Wherever one sides on the divisive racial issues of the era that encompassed the period of the dissolution of the British Empire, the fact remains, though it is seldom spoken, that in numerous countries across Africa, especially the major regional powers of Rhodesia and South Africa, republicanism was embraced because the Queen refused to abide the continued rule of White minorities over Black majorities. The monarchy refused to allow that state of affairs to continue, the White governments in power saw the monarchy as taking the side of the Black majority and so they broke away from the monarchy and became republics. This was no surprise, plenty of people at the time could see that this was going to happen and yet the monarchy basically looked at the people who were in charge in these countries, considered them racist and effectively said, ‘if you’re going on that way, we don’t want you anyway’. If the monarchy was such a racist institution they certainly would have taken the side of the local governments and so kept the reign of the Crown over those countries for decades into the future. But, that did not happen, the monarchy firmly stood against racism and lost more than one Commonwealth realm because of it. Yet, today, where is the appreciation for this?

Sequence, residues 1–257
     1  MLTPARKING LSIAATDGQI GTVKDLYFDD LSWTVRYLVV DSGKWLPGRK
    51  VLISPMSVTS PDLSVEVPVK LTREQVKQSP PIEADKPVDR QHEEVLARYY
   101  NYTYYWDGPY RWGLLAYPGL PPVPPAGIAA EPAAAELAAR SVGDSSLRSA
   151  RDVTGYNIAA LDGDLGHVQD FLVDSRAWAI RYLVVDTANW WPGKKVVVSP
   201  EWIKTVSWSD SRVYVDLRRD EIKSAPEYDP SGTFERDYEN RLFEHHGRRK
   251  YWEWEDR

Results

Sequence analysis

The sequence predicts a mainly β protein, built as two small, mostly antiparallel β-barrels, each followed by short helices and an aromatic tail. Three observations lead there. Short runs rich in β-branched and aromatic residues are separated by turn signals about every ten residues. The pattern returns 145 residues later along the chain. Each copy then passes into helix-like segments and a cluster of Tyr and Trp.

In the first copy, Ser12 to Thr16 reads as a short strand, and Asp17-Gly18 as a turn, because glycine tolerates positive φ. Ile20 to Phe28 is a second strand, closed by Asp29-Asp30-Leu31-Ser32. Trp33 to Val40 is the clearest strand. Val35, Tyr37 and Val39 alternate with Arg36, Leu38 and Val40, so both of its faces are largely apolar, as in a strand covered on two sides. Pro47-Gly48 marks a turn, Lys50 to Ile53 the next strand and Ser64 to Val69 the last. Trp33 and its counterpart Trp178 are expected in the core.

In 1999, when the divisiveness of Australian government recognition of the aboriginal population was still a very hot-button issue, Queen Elizabeth II invited a delegation of aborigine leaders to a meeting at Buckingham Palace to come to a better understanding of their situation and their goals. It undoubtedly upset some people and a great many people said it would never happen, that the Queen would never receive such a delegation and yet she did, not only receiving them but taking the initiative of inviting them in the first place. And the important thing to realize is that this is nothing new, nothing out of the ordinary and is simply the continuation of a long history of respect for native peoples on the part of the British monarchy. When Pocahontas came to England she was invited to Whitehall where she was given the full royal treatment with King James I treating her with such warmth and informality she had to be told after the fact that the man she had been talking to was the King of England, Scotland and Ireland. Mohawk chief Joseph Brant was very cordially received by King George III in 1775.